Special Coverage

Supercomputer Cooling System Uses Refrigerant to Replace Water
Computer Chips Calculate and Store in an Integrated Unit
Electron-to-Photon Communication for Quantum Computing
Mechanoresponsive Healing Polymers
Variable Permeability Magnetometer Systems and Methods for Aerospace Applications
Evaluation Standard for Robotic Research
Small Robot Has Outstanding Vertical Agility
Smart Optical Material Characterization System and Method
Lightweight, Flexible Thermal Protection System for Fire Protection
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Obstacle Avoidance Methods

NASA’s Jet Propulsion Laboratory, Pasadena, California Obstacle avoidance is a difficult problem due to the non-convex state constraints. Therefore, the feasible state space needs to be convexified, or split, into convex regions at which point the search for an optimal solution among those convex regions is done. Methods for obstacle avoidance include two mixed integer linear programming (MILP) methods (obstacle related method and path-related method) and a state-constraint convexification method.

Posted in: Briefs, TSP, Electronics & Computers, Information Sciences, Software, Computer software and hardware, Collision avoidance systems

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Control Software for Integrated CW Radar Module

This software controls the behavior of a miniaturized microwave radar module. It controls the hardware, digitizes raw samples from the analog output of the module, and applies DSP (digital signal processing) algorithms to the data stream to reduce the bandwidth and data rate. It also implements an automatic calibration algorithm to adjust the I/Q (in-phase and quadrature) values in the cancellation path to remove a large unchanging signal. The software implements a variety of commands to control the behavior of the system, and provides for synchronization of multiple modules. It encodes the digital data in a format suitable for serial ports.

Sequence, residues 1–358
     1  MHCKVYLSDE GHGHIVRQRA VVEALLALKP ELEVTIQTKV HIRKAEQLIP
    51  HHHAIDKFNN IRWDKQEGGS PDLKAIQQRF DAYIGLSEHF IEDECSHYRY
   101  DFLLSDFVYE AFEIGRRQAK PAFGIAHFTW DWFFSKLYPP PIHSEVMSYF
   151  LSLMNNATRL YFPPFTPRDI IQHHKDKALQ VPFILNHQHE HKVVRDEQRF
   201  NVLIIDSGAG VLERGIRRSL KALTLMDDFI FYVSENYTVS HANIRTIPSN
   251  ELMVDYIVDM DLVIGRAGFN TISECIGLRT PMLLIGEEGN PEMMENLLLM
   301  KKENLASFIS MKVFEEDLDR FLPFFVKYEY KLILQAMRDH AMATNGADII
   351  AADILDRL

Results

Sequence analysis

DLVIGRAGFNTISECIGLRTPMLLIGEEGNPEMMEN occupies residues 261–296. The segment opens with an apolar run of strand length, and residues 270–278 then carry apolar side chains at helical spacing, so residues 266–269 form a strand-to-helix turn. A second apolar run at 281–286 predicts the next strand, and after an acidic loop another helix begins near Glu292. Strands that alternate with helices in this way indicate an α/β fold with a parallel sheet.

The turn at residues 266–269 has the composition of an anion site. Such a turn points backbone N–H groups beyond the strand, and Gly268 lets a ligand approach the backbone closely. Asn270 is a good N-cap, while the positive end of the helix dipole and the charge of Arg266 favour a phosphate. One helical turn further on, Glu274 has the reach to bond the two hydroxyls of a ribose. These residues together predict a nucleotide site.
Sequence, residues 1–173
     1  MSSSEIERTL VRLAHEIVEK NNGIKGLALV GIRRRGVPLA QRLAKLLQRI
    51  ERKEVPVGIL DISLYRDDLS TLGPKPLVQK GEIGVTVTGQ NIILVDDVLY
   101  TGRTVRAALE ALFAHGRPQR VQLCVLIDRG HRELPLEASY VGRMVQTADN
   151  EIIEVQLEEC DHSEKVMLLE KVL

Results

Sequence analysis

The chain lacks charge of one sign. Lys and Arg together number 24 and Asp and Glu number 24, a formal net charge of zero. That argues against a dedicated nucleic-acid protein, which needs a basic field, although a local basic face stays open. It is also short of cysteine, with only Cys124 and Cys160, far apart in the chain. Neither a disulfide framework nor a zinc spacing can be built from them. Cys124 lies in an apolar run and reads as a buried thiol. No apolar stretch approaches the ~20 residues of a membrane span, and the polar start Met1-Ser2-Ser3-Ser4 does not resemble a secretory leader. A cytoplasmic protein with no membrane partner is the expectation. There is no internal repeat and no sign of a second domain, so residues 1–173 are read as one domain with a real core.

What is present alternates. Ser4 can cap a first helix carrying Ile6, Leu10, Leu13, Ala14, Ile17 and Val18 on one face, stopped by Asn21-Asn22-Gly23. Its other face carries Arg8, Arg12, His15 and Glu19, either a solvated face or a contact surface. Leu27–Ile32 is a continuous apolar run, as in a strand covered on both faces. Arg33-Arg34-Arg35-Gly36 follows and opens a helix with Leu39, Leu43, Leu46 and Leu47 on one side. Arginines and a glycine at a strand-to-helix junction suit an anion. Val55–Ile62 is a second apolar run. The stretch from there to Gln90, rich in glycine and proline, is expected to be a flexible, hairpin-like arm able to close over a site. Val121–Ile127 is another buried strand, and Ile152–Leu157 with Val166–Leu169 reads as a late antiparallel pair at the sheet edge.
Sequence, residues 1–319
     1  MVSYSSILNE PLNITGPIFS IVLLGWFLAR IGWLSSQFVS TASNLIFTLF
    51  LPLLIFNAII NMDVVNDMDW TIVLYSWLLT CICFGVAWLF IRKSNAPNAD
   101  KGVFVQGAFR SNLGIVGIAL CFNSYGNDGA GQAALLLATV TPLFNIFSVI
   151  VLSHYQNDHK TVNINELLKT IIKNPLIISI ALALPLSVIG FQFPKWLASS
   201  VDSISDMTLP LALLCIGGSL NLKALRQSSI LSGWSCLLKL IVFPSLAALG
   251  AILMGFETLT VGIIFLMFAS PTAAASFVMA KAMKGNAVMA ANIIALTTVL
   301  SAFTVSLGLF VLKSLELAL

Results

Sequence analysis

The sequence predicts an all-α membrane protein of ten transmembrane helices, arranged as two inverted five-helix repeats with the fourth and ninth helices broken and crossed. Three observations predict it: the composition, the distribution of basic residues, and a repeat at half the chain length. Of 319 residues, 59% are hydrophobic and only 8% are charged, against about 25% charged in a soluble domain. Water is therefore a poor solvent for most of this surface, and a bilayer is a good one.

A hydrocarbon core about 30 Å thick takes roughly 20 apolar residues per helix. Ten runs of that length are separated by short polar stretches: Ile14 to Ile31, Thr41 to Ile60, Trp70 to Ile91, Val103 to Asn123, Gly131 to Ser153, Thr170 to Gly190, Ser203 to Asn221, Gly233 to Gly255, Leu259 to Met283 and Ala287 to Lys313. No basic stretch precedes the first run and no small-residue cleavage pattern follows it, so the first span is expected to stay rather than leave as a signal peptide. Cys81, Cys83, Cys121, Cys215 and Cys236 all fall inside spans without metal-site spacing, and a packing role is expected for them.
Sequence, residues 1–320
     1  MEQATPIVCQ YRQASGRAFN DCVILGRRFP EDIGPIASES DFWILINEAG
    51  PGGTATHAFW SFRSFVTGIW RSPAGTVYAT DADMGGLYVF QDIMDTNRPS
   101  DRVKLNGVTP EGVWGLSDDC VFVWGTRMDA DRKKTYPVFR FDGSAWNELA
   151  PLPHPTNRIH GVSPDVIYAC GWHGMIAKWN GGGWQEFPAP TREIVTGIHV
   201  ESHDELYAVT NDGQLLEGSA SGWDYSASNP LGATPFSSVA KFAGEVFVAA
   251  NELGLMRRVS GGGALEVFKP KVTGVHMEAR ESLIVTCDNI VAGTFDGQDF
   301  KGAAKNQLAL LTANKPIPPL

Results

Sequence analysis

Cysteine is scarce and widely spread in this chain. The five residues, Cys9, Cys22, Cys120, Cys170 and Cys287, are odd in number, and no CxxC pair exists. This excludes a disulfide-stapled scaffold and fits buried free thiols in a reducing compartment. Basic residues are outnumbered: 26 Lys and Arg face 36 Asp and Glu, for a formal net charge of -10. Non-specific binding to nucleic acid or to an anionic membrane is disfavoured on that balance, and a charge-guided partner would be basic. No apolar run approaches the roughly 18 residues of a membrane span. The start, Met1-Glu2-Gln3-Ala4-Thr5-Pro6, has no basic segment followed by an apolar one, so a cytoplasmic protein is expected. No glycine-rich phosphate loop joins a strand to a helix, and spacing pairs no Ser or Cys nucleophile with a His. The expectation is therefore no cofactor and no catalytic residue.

Posted in: Briefs, TSP, Electronics & Computers, Information Sciences, Software, Computer software and hardware, Radar

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An Empirical Metric of Individual Datapoint Utility Given Ample Metadata as Applied to the OCO-2 Flight System

This method constructs new warn levels for metadata-rich data sources. NASA’s Jet Propulsion Laboratory, Pasadena, California Traditionally, quality flags provided a binary yes/no estimation of a datapoint’s utility. However, in modern instrumentation, significant auxiliary information for each datapoint can be obtained. This permits prediction of more than a binary estimate of good or bad data. Further, the physical confounding forces that obscure an observation’s utility are themselves rarely binary, such as the example of clouds with varying thickness from insignificant to entirely opaque. In this method, many different increasingly stringent filters are created allowing less and less data through, while attempting to minimize an error metric. This metric can be compared with select “truth” systems such as ground observations or regions of the Earth where the truth is believed to be predictable and known. For each sounding, the number of these filters that reject the observation in question becomes an estimate of its data quality: larger values mean most filters reject the sounding, while smaller values mean most filters accept the sounding. This integer, ranging from 0 to 19, is called the Warn Level. Instead of a binary yes/no data quality flag, this instead provides a data ordering paradigm with “better” and “worse” data. Warn Levels can be developed for any metadata-rich datasource with a functional error metric to help guide researchers to superior, tunable data filtration.